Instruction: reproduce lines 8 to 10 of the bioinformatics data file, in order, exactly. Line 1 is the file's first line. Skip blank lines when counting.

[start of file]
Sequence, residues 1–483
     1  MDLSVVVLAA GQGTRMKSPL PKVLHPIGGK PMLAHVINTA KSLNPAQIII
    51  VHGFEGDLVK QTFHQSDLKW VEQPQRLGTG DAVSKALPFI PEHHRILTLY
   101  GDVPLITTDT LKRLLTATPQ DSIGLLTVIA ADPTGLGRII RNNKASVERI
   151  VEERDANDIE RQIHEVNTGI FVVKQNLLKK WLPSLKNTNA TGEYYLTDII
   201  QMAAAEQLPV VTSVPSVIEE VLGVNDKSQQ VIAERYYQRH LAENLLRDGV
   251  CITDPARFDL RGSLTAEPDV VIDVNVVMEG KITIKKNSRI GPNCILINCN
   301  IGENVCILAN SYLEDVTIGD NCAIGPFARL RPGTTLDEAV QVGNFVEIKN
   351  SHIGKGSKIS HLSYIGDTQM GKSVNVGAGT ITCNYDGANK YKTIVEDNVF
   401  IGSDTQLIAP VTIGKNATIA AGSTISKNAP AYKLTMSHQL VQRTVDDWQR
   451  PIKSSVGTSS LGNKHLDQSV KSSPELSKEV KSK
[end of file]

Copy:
   301  IGENVCILAN SYLEDVTIGD NCAIGPFARL RPGTTLDEAV QVGNFVEIKN
   351  SHIGKGSKIS HLSYIGDTQM GKSVNVGAGT ITCNYDGANK YKTIVEDNVF
   401  IGSDTQLIAP VTIGKNATIA AGSTISKNAP AYKLTMSHQL VQRTVDDWQR